Study: Ethanol and RFS have no impact on food prices

A study by the Renewable Fuels Association seeks to combat concerns raised by opponents of the Renewable Fuel Standard, or RFS.

Bob Dinneen, the group’s president and CEO, says oil companies and others claimed the program would cause an increase in food prices. He says the analysis of the RFS program shows that hasn’t happened.

“Overall, food price inflation in 2007 was 4% and in 2017 it was 1%,” Dinneen said. “The 20 year average is 2.5%. Food price inflation has actually been significantly lower during the past 10 years of the RFS.”

Dinneen says oil companies continue to make inaccurate claims against the RFS, because the companies have lost some of the demand for their product to farmers in the Midwest.

He notes, when the RFS began, opponents were worried corn acres would drastically increase and reduce grassland and forests. But, that hasn’t been the case.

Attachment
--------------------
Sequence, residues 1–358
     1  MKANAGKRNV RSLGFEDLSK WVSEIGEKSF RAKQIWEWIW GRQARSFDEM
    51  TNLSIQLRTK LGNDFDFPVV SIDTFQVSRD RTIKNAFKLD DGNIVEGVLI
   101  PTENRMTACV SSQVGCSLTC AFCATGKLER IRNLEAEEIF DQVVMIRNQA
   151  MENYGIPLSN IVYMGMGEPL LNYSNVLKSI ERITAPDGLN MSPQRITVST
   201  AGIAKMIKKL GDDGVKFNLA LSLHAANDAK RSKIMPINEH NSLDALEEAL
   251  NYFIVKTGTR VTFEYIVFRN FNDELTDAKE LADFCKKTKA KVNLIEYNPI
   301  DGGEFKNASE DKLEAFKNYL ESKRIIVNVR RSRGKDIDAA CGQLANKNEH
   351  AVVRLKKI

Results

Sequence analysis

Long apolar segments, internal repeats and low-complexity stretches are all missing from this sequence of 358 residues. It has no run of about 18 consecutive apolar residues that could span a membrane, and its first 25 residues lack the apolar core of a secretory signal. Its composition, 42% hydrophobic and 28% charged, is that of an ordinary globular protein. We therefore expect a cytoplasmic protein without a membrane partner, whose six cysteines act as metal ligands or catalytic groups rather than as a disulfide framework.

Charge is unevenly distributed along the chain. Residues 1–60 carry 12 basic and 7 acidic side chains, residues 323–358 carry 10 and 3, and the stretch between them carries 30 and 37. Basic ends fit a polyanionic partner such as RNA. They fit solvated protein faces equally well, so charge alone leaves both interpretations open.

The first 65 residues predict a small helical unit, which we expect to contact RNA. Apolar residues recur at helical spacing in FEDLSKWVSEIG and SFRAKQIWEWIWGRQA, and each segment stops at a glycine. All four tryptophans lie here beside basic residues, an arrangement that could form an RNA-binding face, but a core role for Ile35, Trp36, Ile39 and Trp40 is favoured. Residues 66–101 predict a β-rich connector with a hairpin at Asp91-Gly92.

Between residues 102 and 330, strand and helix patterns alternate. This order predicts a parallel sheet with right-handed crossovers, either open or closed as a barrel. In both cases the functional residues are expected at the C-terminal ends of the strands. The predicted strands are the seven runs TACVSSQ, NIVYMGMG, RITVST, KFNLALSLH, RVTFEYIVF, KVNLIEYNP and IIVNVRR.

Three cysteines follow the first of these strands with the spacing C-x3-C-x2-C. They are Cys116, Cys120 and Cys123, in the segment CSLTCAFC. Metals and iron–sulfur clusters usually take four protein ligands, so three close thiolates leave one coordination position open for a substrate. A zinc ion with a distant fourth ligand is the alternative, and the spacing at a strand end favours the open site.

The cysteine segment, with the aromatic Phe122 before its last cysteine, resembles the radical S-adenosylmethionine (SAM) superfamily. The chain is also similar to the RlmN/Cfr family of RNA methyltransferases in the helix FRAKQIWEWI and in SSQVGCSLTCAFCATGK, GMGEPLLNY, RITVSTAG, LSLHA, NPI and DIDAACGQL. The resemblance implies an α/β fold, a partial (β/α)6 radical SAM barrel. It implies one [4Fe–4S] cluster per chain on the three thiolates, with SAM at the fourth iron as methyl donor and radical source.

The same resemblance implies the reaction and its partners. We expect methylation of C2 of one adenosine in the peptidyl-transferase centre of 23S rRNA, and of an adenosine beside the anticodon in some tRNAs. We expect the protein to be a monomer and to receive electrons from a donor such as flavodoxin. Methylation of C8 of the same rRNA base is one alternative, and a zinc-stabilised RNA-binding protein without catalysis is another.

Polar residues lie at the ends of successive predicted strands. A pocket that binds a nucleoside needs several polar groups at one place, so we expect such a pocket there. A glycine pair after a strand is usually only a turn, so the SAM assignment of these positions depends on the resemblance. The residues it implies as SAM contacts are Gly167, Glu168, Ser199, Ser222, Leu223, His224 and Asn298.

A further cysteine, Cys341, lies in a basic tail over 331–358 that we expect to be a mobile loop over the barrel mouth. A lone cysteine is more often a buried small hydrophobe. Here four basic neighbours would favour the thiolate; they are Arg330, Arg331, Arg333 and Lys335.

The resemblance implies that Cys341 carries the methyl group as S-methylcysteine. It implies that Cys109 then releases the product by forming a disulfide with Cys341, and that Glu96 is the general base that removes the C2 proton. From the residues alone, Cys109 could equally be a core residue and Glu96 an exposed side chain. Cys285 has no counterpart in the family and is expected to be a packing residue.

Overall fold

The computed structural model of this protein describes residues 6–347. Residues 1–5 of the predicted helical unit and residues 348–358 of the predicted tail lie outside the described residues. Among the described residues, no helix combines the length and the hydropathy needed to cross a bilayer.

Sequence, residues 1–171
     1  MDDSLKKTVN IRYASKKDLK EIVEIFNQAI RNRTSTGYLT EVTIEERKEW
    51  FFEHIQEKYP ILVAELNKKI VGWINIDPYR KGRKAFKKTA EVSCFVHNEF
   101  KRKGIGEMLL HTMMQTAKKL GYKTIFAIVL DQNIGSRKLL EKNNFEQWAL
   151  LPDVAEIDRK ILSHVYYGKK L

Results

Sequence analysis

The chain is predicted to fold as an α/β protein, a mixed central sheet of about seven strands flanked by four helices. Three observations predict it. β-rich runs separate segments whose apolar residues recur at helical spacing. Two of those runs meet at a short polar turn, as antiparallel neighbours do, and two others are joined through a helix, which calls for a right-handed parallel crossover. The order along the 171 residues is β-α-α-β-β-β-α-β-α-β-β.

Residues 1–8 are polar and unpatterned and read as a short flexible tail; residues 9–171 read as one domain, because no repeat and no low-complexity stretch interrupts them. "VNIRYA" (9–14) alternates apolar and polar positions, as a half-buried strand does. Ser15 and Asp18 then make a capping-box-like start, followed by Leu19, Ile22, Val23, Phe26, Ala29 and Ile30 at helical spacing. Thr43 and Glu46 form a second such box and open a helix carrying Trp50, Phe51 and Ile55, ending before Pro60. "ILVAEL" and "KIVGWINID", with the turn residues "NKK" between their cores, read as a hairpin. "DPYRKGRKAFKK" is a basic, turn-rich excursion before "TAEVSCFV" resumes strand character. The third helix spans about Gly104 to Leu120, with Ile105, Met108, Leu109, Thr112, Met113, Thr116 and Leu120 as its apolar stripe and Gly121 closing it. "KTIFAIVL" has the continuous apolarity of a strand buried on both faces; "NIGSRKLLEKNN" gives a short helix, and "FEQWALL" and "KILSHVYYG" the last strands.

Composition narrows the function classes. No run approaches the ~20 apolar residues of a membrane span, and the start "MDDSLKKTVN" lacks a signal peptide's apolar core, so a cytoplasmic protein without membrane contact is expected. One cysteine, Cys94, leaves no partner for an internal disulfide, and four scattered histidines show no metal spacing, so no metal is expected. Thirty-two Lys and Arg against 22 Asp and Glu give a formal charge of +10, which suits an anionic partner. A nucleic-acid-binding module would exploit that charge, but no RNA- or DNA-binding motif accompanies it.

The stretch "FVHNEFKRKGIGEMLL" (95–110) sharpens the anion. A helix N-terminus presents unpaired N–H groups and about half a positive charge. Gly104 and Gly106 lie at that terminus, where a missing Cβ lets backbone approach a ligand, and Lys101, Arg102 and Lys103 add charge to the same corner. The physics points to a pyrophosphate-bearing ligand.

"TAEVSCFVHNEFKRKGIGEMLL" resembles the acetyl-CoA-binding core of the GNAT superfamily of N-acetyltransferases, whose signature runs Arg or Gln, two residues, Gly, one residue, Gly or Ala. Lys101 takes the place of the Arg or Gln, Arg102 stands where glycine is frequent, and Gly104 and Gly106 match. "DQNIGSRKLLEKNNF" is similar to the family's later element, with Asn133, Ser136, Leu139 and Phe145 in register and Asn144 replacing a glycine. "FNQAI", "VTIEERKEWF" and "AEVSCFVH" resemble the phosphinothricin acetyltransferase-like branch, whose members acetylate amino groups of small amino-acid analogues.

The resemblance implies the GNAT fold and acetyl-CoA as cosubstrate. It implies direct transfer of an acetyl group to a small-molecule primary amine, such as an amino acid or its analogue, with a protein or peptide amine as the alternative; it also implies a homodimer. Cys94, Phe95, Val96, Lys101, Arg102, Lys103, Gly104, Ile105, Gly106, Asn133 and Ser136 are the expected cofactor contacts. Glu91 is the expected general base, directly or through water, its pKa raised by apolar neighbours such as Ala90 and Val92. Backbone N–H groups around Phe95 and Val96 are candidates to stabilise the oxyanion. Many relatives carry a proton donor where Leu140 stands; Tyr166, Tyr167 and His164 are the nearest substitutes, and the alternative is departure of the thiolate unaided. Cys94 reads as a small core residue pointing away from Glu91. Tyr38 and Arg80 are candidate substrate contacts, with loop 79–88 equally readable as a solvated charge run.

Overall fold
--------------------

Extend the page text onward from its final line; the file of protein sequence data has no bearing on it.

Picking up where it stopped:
“In 2007, there were 93.5 million acres planted to corn and this past year there were 90.4, so a 3% reduction,” Dinneen said. “We’ve seen an increase in corn production, largely because of increases in corn yield.”

The full report from the Renewable Fuels Association was issued in late December.

The RFS program, known as RFS2, was created under the Energy Independence Security Act 10 years ago.

Nebraska is the nation’s number-two producer of ethanol, behind only Iowa. There are 24 ethanol plants in Nebraska that produce a total of more than two-billion gallons each year.

Thanks to Amie Sites, Brownfield Ag News